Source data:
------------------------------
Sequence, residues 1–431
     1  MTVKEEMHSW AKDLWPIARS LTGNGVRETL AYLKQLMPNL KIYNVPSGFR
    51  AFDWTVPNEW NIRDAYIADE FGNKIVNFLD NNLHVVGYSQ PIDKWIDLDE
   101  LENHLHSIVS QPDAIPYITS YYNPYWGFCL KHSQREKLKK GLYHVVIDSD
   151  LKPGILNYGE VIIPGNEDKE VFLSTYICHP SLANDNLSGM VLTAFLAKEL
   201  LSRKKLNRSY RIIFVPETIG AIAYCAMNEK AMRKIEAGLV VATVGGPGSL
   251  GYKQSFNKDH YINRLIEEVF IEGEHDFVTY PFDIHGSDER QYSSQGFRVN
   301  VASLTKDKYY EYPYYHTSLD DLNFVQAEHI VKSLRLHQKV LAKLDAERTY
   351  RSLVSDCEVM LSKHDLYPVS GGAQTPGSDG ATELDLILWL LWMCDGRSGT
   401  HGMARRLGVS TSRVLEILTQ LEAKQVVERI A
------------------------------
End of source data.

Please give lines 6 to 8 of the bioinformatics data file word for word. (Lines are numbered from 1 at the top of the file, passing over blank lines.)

   201  LSRKKLNRSY RIIFVPETIG AIAYCAMNEK AMRKIEAGLV VATVGGPGSL
   251  GYKQSFNKDH YINRLIEEVF IEGEHDFVTY PFDIHGSDER QYSSQGFRVN
   301  VASLTKDKYY EYPYYHTSLD DLNFVQAEHI VKSLRLHQKV LAKLDAERTY